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walking your talk

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This morning I went along to my men’s group, a local group where they invite along various speakers and on this occasion there was a Christian worker called Joy Fraser who did indeed live up to her name.

It is quite seldom that someone has my undivided attention for 45 min but I would happily have listened to this lady for the whole morning. She was an organiser and social synergist, inter alia encouraging people to become more involved in community work. There are a great number of organisations in Bath who are volunteers, unsung, unpublicised but doing a great job with the marginalised part of the population. In this type of job it is good to have your feet on the ground and head in the clouds. Joy was excellent at the practical side of setting up a charity but also looking at the more philosophical sides of dealing with people who are unlovable.

Joy gave me a good idea that if you find someone who is badly behaved it’s probably because of the way they were treated. It is a very good idea to find something that you when they have in common so there is something to talk about and if a person is talking about a subject with which they are familiar they are less likely to be defensive. You can say that bad behaviour is a pre-emptive attack against being abused because what enjoyment is there to be gained from such behaviour?

Joy drew our attention to the deceptively simple words of Jesus giving us very practical down-to-earth advice on our own behaviour and saying we should concentrate somewhat less on our so-called relationship with God and somewhat more on our relationship to our neighbour. Someone said, I think it was joy, do you have a friendship with someone who does not share your views and opinions? We discussed personal differences between people including Christians and said that when they enter a committee meeting they should put these differences aside and concentrate solely on the good of the community.

I notice that Joy was totally comfortable with herself and made good eye contact with the audience without overdoing it. I think you can only do this if you are speaking from your heart. You don’t need gimmicks or acting ability. She convinced me by her presence never mind anything that she said.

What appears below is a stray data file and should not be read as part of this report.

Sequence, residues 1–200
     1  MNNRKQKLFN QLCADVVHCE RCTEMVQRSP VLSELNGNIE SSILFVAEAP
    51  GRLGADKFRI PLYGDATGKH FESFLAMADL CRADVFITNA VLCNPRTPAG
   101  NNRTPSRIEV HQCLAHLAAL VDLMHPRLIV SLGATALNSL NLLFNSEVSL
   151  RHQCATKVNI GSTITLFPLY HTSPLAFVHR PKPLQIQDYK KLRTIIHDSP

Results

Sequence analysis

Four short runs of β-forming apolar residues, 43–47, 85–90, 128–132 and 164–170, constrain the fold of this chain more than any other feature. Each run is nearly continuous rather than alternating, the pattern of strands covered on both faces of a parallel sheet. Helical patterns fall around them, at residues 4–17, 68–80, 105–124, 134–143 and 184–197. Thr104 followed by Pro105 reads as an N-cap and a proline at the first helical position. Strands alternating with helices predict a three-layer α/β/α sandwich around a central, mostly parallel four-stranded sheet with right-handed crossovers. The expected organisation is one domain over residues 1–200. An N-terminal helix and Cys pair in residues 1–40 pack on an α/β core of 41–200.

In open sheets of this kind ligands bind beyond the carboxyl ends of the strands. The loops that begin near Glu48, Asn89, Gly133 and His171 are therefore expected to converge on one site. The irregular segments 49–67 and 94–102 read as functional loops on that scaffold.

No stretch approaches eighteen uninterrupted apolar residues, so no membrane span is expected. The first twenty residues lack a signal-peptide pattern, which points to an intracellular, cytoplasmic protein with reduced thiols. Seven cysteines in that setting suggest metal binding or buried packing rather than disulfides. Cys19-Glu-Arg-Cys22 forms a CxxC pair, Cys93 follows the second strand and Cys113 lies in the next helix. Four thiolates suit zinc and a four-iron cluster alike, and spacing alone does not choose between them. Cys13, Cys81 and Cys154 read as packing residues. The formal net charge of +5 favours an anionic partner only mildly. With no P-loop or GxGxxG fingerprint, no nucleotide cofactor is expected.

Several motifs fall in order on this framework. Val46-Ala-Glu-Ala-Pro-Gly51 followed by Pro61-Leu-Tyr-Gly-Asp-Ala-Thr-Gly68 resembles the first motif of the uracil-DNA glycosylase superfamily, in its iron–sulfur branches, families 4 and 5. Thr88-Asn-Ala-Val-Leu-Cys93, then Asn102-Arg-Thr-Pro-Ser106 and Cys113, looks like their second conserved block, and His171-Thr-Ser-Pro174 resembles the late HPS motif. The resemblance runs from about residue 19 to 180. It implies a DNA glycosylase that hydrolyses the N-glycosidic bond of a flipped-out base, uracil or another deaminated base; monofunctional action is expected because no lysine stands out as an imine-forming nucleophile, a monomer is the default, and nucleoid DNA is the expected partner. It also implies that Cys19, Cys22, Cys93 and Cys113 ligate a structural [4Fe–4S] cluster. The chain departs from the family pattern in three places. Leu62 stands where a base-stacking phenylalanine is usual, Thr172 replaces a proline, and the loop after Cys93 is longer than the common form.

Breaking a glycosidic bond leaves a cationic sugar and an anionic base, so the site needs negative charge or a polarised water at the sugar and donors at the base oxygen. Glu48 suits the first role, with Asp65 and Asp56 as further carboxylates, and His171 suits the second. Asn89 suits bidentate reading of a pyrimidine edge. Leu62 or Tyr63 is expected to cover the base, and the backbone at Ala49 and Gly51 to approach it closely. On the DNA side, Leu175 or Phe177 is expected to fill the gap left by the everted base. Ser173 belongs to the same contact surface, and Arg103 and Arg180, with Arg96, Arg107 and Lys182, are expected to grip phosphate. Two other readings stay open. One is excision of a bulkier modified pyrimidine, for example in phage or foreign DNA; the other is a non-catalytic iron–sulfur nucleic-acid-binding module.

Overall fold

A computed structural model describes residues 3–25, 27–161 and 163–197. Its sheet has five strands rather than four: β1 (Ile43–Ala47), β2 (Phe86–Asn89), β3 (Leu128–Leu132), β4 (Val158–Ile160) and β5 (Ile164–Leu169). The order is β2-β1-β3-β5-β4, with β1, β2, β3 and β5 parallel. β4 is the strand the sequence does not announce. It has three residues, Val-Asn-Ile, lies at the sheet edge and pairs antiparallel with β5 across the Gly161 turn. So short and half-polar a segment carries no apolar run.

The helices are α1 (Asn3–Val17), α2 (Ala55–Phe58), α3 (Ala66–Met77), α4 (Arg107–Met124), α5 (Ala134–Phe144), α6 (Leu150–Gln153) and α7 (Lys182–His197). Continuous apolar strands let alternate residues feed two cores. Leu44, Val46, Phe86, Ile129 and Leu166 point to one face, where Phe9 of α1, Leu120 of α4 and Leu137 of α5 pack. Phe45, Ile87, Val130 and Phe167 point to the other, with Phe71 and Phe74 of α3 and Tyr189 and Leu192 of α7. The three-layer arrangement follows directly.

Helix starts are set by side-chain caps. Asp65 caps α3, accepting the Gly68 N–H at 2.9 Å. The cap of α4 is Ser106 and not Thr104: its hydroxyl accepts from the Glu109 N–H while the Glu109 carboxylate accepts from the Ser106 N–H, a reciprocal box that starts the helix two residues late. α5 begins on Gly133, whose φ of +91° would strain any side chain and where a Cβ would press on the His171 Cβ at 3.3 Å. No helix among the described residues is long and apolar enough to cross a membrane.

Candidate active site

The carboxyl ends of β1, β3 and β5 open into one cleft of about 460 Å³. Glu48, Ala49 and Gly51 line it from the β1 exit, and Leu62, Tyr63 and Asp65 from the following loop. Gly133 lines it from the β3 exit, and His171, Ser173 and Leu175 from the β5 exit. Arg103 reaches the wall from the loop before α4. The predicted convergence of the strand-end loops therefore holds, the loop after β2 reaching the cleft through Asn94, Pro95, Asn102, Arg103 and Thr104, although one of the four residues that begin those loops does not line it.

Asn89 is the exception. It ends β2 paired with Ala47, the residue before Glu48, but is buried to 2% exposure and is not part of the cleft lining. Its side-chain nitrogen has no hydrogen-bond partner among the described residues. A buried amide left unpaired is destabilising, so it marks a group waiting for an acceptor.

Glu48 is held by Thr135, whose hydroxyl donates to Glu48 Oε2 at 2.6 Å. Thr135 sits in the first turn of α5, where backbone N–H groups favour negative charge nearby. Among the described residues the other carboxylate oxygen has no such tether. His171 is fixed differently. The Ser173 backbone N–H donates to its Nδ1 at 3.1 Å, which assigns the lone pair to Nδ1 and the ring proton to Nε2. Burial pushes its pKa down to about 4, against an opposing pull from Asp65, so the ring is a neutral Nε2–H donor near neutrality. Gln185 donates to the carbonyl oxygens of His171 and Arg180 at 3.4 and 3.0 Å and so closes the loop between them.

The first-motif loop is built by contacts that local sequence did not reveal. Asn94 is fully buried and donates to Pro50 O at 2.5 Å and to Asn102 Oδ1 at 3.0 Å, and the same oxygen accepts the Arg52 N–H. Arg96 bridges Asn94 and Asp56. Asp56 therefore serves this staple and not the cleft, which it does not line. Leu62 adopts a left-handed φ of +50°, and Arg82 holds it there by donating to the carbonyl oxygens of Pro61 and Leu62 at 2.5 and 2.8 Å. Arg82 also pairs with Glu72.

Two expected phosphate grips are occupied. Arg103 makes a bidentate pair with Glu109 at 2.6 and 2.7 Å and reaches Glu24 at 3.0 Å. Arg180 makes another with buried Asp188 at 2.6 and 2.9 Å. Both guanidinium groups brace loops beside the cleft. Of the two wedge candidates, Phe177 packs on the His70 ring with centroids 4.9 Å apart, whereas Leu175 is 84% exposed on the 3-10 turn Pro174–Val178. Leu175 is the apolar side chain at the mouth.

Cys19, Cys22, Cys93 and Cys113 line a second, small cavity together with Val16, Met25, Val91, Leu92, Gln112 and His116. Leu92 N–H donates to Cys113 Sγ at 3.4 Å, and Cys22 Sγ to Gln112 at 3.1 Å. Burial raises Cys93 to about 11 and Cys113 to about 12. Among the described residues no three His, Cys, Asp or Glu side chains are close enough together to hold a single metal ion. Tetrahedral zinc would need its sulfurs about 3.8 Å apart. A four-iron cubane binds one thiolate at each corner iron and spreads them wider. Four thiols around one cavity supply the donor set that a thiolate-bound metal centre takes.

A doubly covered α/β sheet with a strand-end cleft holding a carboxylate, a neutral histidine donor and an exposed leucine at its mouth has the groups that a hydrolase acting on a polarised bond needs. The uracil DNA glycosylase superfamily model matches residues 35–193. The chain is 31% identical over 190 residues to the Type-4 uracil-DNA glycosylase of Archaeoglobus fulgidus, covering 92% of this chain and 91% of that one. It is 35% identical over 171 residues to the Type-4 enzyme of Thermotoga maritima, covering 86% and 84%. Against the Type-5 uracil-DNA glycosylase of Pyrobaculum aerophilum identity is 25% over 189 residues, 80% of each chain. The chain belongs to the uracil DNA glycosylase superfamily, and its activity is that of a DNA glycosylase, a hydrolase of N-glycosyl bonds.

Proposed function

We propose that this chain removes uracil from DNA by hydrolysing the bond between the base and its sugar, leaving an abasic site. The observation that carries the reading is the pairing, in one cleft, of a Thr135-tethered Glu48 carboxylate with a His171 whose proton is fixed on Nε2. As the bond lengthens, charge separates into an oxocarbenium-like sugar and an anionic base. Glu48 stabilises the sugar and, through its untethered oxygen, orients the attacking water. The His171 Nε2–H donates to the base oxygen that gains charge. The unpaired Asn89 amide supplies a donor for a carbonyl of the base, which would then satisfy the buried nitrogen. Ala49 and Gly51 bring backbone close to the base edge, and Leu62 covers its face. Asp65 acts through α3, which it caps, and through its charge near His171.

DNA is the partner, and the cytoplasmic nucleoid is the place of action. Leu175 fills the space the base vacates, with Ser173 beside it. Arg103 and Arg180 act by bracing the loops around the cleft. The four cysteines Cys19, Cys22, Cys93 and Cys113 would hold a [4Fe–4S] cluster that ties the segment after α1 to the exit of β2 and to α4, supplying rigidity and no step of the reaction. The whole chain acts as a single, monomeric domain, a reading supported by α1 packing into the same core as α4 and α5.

I described how God works when I went along to the Dragon’s event last night and ended up by being invited to be a volunteer reporter for a local publication. All this happened between six o’clock whether the meeting started and 9:30 PM when an e-mail to the administrator elicited such an enthusiastic response. I find that if things are meant to be, they happen very smoothly.  I told the meeting that if everyone did things that they enjoyed it was not work and that we were not supposed to be actors but just do what we enjoy doing and that would hopefully be of service to others.

I also discussed the question of the way you treat volunteers. I said that if you hired a volunteer you should spend at least 20 min with them discussing their life and what they hope to get out of the experience of volunteering. I said you don’t just tell them what to do and they must get on with it but see them as a human being with needs like anybody else. If you don’t respect the volunteer, they will have little if any loyalty to the organisation. My wife Françoise works for AgeUK where people go for a day and given lunch and entertainment. The only time the people from the head office come, is to make sure that the rules and regulations are being enforced, and when a new manager comes in to post. She has worked for three years without any particular encouragement and for this I do admire her.

In a world where there is so much bad news, it is nice to be able to make a good report but I thoroughly enjoyed myself with people on the same wavelength, which is what it’s all about. If you are continually misunderstood you might as well be alienated on a desert island.